Yukoners have talked a lot about the parlous state of our mining industry. Of the three operating mines we had in 2013, only Minto is still running. Bellekeno and Wolverine have shut down (and North American Tungsten, just across the border in the NWT, announced layoffs last week).
Victoria Gold, one of the more advanced proposals on the table, still hasn’t announced financing to proceed with its Eagle project, and the company’s share price languishes at 14 cents.
Work continues on the Casino and Selwyn projects, but the scale of their environmental impacts raises questions about whether the Yukon public, and the politicians who seek their favour, will support them. If drilling a few 8-inch wide holes in the Liard gas fields elicited so much opposition, how popular will a tailings pond dam almost as tall as the Eiffel Tower be?
Furthermore, the Wolverine mess has taught us the important distinction between mines with marginal economics and ones that keep running through the whole cycle.
What the Yukon is looking for, it seems, is a very specific kind of mine. It should have a smallish footprint and not a lot of inconvenient ore trucks. It should have excellent ore grades, so it stays open through thick and thin. This means it will also have lots of cash to share with the Yukon and First Nations governments via royalties and various partnership arrangements. The ore should be accessible through battle-tested mineral extraction techniques, not some newly-invented technology that might suffer hiccups. And it should be located in an area where mining is expected, not a pristine wilderness area.
Where, you ask, could such a wonder-mine be found?
The answer is as easy as looking up “KAM” on the TSX Venture stock exchange.
Kaminak Gold Corporation’s Coffee Gold Project is located just to the west of the Yukon River, in between Fort Selkirk and Dawson City and just upstream from the confluence with the White River. The company is currently working on a formal feasibility study, scheduled to be completed in the first quarter of 2016.
While preliminary, the information released so far by Kaminak fits many of the “wonder-mine” criteria. It’s a gold mine, so its output is measured in ounces not thousands of tonnes. The ore is apparently very rich: a “new deposit style for the Yukon: High grade, structurally hosted, hydrothermal gold.” The preliminary economics look good: its “all-in sustaining cash cost” estimate is US$687 per ounce, healthily below gold’s current price of around US$1,200.
Kaminak also claims that its property is one of the “world’s highest grade, undeveloped heap leach gold projects.” The company’s investor presentation shows just three other heap leach projects with processed grades over one gram of gold per tonne. Most other projects are below this threshold, which raises the hope that even if gold prices go through a low period, it would be other mines that are forced to close first.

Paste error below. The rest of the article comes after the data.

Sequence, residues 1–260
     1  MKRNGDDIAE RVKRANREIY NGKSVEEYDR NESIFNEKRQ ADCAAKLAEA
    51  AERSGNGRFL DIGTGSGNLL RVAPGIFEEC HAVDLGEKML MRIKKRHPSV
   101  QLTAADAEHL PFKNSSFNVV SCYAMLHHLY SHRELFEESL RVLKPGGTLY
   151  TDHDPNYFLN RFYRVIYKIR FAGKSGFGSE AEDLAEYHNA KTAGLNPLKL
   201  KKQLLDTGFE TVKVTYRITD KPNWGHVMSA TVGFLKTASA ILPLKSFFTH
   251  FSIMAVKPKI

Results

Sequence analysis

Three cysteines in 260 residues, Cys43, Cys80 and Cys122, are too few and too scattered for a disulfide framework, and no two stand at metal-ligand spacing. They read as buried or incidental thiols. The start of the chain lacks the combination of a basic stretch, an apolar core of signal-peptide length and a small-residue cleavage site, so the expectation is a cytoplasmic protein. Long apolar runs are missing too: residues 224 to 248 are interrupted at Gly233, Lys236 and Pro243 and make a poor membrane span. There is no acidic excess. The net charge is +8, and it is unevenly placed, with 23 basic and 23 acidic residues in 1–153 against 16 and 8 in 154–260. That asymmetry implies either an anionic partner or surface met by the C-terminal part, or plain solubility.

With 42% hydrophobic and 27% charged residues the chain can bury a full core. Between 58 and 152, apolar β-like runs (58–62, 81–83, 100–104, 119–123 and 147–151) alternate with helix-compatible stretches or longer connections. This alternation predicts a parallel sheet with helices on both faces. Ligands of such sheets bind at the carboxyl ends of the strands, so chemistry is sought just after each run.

Assuming gold doesn’t plummet back to where it was 15 years ago, around US$300 per ounce, this gives the prospect of healthy profits and lots of money to share around the territory with stakeholders.
One potential public-relations blemish for wonder-mine status is the phrase “open-pit heap leach.” These words are less toxic than “fracking,” but environmentalists will not like how Kaminak’s 2014 Preliminary Economic Assessment document drops laconic references to “sodium cyanide briquettes” being delivered in “one tonne super sacks.” The map shows a heap leach facility almost a kilometre across, and uphill from the Yukon River.
Nonetheless, investors will be reassured that open-pit heap leach is a mining technique whose effectiveness is well understood.
Another part of Kaminak’s good-news story is that the company is said to have carefully developed better relations with First Nations than many other mining companies, establishing relationships with the Tr’ondek Hwech’in, Selkirk First Nation, White River First Nation and Little Salmon/Carmacks First Nations. You may recall some controversy in 2013 over whether the traditional territory of the White River First Nation, which has not ratified a final agreement, extends as far as the mine property. Investors will be watching carefully to see if the apparently cooperative relationship continues between Kaminak and First Nations in the region.
All in all, Kaminak is as well positioned as any mine to proceed through the regulatory hoops to production. Indeed, you could almost say that if Kaminak can’t do it, no mine can in today’s Yukon.
Keith Halliday is a Yukon economist and author of the MacBride Museum’s Aurore of the Yukon series of historical children’s adventure novels. He won this year’s Ma Murray award for best columnist. You can follow him on Channel 9’s Yukonomist show or Twitter @hallidaykeith